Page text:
Outside spring is in the air, but indoors at the Sam Wanamaker Playhouse Vivaldi’s The Four Seasons are stunningly reimagined by Max Richter, Bill Barclay and acclaimed puppet company, Gyre & Gimble.
The Winter Selection is almost over at Shakespeare’s Globe and with it ends the artistic directorship of the excellent Emma Rice. Yet in the closing of one season, Rice generously offers us four. In her final commission, Vivaldi’s The Four Seasons: A Reimagining, wintry lows and summery highs abound but not as we classically know it. Originally composed in 1721, Vivaldi’s baroque masterpiece has been reinterpreted, recomposed and reanimated by the British minimalist composer Max Richter for our generation; his reimagining has naturally given the famous violin concerti a new lease of life, transforming an orchestral cycle that, owing to its ubiquity, is in danger of becoming mere lift music. Revitalising the renowned composition alongside Richter is Gyre & Gimble with their powerful puppet theatrics. Together these two forces dare to reimagine Vivaldi’s seasonal structure afresh, revealing the exquisite emotion at its core.
Emotion really is brought to the theatrical and notational surface of this production. Discarding around 75% of Vivaldi’s original, Richter draws out the chosen string parts, enhancing them with a double bass, a harp, a synthesizer and digital audio tracks – a cacophonous chattering and chirruping of birds is audible at one point – to produce an expansive emotional landscape that is as vivid and breath-taking as a natural one. Rearranged by the Globe’s musical director Bill Barclay, Richter’s evocative composition is laden with august feeling; for if Richter’s score scales the kind of epic emotional heights usually heard in film, Barclay’s rearrangement, adapted for six players on baroque instruments, courts that rich, concentrated sensibility reserved for an intimate late Jacobean playhouse, such as the candle-lit Sam Wanamaker. Thus this reimagining comes full circle, regardless of ensemble size, to the spatial origins and original instrumentation of Vivaldi’s work.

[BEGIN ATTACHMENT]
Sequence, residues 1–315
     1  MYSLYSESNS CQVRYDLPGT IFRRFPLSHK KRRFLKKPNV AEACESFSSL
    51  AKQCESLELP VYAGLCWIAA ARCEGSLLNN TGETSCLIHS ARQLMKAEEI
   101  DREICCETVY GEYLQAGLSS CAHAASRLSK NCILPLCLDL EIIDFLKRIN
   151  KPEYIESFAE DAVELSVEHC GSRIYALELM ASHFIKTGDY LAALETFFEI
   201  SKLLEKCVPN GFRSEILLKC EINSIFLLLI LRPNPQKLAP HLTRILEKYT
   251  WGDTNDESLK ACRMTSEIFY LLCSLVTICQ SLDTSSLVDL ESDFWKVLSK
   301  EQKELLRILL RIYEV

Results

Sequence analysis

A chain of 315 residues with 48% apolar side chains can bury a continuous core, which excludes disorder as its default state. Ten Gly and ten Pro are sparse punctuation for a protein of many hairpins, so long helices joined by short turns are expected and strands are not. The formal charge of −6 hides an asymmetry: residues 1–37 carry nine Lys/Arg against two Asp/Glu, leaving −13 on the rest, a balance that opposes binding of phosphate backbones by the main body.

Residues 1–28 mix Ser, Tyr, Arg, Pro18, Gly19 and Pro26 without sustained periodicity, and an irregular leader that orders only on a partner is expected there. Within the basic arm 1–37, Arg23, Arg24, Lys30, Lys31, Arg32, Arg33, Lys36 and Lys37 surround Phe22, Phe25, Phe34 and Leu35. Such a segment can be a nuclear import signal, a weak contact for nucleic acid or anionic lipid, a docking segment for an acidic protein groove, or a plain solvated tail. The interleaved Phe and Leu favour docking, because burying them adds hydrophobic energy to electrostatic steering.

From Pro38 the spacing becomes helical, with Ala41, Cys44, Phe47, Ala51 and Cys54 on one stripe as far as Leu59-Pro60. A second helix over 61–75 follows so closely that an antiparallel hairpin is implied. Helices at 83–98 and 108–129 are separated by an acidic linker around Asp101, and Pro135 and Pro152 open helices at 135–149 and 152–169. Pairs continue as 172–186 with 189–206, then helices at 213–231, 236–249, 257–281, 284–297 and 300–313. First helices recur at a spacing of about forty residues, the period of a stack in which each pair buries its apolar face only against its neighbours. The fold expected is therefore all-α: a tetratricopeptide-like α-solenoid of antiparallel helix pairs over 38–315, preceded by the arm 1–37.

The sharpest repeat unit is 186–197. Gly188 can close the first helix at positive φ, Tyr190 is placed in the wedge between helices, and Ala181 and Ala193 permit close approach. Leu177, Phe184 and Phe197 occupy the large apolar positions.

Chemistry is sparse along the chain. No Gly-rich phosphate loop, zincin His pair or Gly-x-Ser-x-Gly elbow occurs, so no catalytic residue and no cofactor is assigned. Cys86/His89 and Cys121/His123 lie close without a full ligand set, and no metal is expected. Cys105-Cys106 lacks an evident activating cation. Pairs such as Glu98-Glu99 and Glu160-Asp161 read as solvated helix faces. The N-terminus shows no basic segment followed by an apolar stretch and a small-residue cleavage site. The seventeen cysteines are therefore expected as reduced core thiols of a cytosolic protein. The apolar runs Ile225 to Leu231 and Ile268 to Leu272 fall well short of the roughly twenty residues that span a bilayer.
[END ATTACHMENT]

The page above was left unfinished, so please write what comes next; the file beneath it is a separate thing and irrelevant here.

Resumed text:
Gyre & Gimble’s expert puppetry only serves to heighten feeling, not diminish it, by working with Richter’s composition, string for string. Then again, the company’s extraordinary puppeteering perhaps outdoes Richter as an homage to Vivaldi and his famous emotion-led concerti. Published with four sonnets, one for each season, Le quattro stagioni was rousingly alive with thunder storms, sleeping shepherds, barking dogs, bird song, the barbarous rout of the hunt and rain shower. Words from the sonnets were printed with his musical notes, fusing the imagined with the heard, the visual with the aural. Vivaldi’s seasons, the precursor to nineteenth-century program music, was a narrative of (often violent) climatic extremes. The puppet-led storytelling of Gyre & Gimble thoughtfully and feelingly picks up this narrative strand, rethreading it to Richter’s revival. Hence in their retelling, threatening claps of thunder morph into bomb shells and bullets showering onto a desperate soldier marionette; and rustling leaves and branches, the vital motifs of spring, are literalised with a child marionette attempting to climb a tree. Mining the Le quattro stagioni of all its narrational and emotional potential, Gyre & Gimble have given us The Four Seasons of man, not simply those of sun, storm, sleet and snow.